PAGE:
Suleiman voted for the second resolution passed on Tuesday, a censure criticizing Summers's comments on women and his ''managerial approach," but suggesting a willingness to reevaluate his presidency based on changes he has promised to make. That measure passed 253-137, with 18 abstentions.

After Tuesday's meeting, Summers renewed promises he has made to listen to his critics and learn from them.

''I am committed to doing all I can to restore the sense of trust that is critical to our work together and to reengage our collective attention with the vital academic issues before us," said a statement he issued.

At Tuesday's meeting, Philip A. Kuhn, a history professor, tried to prevent a vote on the no-confidence measure by proposing that it be postponed indefinitely. His effort failed on a voice vote.

Kuhn said Summers ''could be a great president for Harvard" if he can develop a more collaborative style.

Before Tuesday's meeting, some of Summers's critics had been hopeful that the no-confidence measure would get a vote of 30 or 40 percent, which they said would have represented a reprimand. Instead, it drew 52 percent, with 44 percent opposed and 4 percent abstaining.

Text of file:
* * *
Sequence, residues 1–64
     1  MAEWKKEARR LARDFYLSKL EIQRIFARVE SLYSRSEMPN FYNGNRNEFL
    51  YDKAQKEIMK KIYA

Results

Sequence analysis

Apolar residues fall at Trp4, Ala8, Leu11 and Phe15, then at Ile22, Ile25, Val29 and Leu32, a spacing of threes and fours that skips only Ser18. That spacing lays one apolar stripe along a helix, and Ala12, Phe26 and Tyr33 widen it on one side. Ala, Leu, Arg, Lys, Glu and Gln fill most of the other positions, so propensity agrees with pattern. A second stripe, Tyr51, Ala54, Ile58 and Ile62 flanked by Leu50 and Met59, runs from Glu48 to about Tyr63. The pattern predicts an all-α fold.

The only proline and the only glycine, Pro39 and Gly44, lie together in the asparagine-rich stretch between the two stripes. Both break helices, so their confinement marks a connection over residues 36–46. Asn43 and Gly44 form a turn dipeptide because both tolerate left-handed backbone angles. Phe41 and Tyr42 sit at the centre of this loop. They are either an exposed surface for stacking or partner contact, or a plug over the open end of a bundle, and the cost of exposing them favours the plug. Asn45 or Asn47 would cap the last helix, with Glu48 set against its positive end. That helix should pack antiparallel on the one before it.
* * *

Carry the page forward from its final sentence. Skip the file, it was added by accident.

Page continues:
While most professors say they had made up their minds before the faculty meeting, some speculated that the outcome could have been different if the afternoon had unfolded differently.

Some Summers critics said they were very offended by the president's defenders, especially Stephan Thernstrom, who said the vote of no-confidence reminded him of McCarthyism. Thernstrom also criticized Nancy Hopkins, the Massachusetts Institute of Technology professor who walked out on Summers's Jan. 14 talk.

Some believe that faculty members voted strategically, changing their mind about the second, milder motion after the no-confidence vote passed. ''I think people voted for the second who otherwise would not have, because they thought it softened the meaning of the first," said Maier, who voted for the second motion, but isn't sure how he would have voted if the first motion had not passed.

Bombardieri can be reached at bombardieri@globe.com.